The ownership over kendu leaves has boosted the economy and agriculture of people, said Chitta Ranjan Pani, a forest rights activist who works for livelihood enhancement of forested communities.

“This year, the six-Gram Sabha cluster has sold 1,009,060 kerries of leaves and received Rs 3,279,445 at Rs 3.25 per kerry. In none of the previous years, we could sell more than 3.5 lakh kerries,” Laxman said. 

The government this year offered Rs 1.20 per kerry, according to Gadadhar Patra, divisional forest officer (DFO), kendu leaf department, Bhawanipatna. 

Most of the villagers have earned more than Rs 15,000 this year. Before 2017, their earnings never crossed Rs 2,000, Laxman added. 

A truck loaded with kendu leaves ready to start from Durgathenga village. Photo: Laxman Pujhari

The forest department was paying Rs 0.80 per kerry in 2017 while private firms were offering Rs 2.50. Besides, they receive the money from the traders instantly and in cash, whereas the forest department credits the amount to the accounts of the pluckers after three months of purchase and the bonus is paid after a year, he added. 

Goutam Majhi, the president of Kalipur Gram Sabha, pointed out: 

The sum of the bonus and the cost of kendu leaves as given by the government is around two-thirds of what we get from private firms. Transfer of money to the bank accounts also puts us in trouble.

Patra, however, claimed tribals would have benefited more had they gone by the government system. He added the transfer of ownership to Gram Sabha is a fiasco created by the traders for their own benefit. These traders pay less to the people and evade taxes, causing loss to the government. 

Besides, by selling the stuff directly to the private firms, people are getting deprived of the government benefits such as death insurance amounting to Rs 2 lakh, higher education scholarship of Rs 7,000-12,000 for their children and Rs 25,000 as support towards the the wedding of their daughters.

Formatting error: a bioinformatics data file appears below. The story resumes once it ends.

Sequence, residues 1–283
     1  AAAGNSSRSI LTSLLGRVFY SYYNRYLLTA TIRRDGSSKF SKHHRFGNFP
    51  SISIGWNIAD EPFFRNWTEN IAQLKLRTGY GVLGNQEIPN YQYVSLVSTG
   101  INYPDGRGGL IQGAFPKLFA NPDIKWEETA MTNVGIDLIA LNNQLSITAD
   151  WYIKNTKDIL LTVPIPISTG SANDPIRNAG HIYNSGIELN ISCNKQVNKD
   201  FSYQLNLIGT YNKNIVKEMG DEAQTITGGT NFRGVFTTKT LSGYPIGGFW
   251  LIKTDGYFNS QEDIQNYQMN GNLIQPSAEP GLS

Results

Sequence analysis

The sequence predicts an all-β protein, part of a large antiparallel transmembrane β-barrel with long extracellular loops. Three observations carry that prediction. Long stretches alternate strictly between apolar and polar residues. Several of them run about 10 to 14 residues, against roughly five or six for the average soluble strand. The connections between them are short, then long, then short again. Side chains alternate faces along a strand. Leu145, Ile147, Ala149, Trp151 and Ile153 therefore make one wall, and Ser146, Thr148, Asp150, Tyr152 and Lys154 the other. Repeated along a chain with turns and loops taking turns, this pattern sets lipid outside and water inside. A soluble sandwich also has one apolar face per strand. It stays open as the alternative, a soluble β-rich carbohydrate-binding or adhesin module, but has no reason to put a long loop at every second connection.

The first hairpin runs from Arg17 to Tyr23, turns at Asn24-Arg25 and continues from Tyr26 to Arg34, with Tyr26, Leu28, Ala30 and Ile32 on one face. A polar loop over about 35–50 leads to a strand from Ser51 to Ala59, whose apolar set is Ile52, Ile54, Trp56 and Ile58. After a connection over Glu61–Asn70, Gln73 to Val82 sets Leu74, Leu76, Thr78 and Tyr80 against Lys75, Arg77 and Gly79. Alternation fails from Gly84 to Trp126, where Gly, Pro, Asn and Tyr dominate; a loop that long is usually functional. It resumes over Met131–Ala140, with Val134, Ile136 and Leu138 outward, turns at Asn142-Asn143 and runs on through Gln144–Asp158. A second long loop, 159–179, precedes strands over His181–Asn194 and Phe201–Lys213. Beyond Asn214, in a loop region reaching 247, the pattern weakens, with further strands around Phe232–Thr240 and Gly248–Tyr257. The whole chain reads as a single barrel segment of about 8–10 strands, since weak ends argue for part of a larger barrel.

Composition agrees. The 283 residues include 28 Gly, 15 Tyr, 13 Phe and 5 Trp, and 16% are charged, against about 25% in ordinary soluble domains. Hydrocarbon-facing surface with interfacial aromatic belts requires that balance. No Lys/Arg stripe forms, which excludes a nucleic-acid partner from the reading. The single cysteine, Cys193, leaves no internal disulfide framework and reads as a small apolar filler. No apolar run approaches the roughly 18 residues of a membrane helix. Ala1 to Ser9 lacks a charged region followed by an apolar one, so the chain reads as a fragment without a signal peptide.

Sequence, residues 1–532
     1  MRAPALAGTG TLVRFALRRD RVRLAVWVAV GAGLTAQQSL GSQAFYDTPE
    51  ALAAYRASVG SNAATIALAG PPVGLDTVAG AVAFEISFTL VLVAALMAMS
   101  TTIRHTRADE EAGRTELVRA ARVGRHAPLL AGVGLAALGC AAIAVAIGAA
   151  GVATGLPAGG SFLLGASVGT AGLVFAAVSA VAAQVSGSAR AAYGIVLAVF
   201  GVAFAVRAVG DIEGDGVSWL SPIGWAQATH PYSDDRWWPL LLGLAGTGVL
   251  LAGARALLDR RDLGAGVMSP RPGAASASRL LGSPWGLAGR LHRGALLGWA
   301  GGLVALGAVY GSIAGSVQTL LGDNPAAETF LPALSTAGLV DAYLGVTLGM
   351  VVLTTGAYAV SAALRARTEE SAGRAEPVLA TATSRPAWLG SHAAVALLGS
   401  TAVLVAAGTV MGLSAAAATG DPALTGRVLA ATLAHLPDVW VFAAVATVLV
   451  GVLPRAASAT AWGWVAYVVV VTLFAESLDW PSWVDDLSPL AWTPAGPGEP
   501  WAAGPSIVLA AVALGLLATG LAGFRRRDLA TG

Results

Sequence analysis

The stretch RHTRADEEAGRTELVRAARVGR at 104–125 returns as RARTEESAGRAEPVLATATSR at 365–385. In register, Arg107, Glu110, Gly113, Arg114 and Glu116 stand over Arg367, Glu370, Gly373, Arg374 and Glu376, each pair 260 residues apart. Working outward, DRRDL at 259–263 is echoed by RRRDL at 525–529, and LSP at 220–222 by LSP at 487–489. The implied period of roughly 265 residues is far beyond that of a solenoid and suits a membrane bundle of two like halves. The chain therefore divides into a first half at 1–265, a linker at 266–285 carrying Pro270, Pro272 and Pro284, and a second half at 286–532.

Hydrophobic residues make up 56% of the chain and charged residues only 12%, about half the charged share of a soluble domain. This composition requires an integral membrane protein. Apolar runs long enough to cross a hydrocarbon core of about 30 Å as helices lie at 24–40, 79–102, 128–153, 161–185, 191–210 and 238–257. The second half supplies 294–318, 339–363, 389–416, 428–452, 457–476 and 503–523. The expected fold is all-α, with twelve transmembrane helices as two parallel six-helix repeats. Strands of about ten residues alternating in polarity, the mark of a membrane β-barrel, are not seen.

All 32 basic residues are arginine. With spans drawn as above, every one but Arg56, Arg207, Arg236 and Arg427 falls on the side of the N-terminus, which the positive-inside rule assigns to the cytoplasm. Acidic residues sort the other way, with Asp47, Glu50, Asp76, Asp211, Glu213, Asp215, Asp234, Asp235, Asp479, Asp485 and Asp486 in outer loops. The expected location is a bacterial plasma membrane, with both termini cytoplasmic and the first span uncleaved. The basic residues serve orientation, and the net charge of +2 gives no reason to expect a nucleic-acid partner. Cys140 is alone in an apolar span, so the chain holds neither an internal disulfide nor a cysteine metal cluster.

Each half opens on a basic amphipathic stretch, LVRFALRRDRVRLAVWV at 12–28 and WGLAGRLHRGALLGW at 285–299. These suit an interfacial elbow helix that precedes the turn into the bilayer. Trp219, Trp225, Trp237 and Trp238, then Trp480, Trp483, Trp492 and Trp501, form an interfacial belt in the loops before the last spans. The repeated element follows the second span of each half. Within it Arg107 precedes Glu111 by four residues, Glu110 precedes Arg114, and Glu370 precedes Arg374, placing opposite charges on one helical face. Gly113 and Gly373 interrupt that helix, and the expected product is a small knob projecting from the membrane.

Apart from the bonus, there are also other incentives like provision of chappals, water bottles and umbrellas for the kendu leaf pluckers, the DFO added. 

Chandan disagreed. “Not more than 4-5 people of a village are eligible to get the government benefits. Besides, choosing the buyer is at the discretion of the Gram Sabha. It chooses the trader who offers the highest price.” 

The instant money they get from the private firms in April-May comes handy during the sowing that begins in June. They invest this money in agriculture and it prevents them from borrowing at high interest rates, pointed out Pani. “The private firms also process the product locally and it creates employment for the villagers.” 

A long way to go

“It is unfortunate that the state government is yet to issue a circular for the whole state, recognising complete autonomy of the Gram Sabhas in kendu leaf management,” pointed out Pani. The forest department only complies with the pressure from the ground in a few places, he added.

Maharashtra is the only state that gave the sole rights of MFPs like kendu leaves to forest dwellers in CFR areas way back in 2013. But in Odisha, the third largest producer of kendu leaves after Madhya Pradesh and Chhattisgarh, there is partial deregulation, said Tushar Dash, an independent forest rights researcher. 

The existing circular also carried myriad mistakes. It entitles the people to collect and sell leaves only from CFR areas and those collected from command areas need to be sold to the forest department. It goes against the Act, said Deo.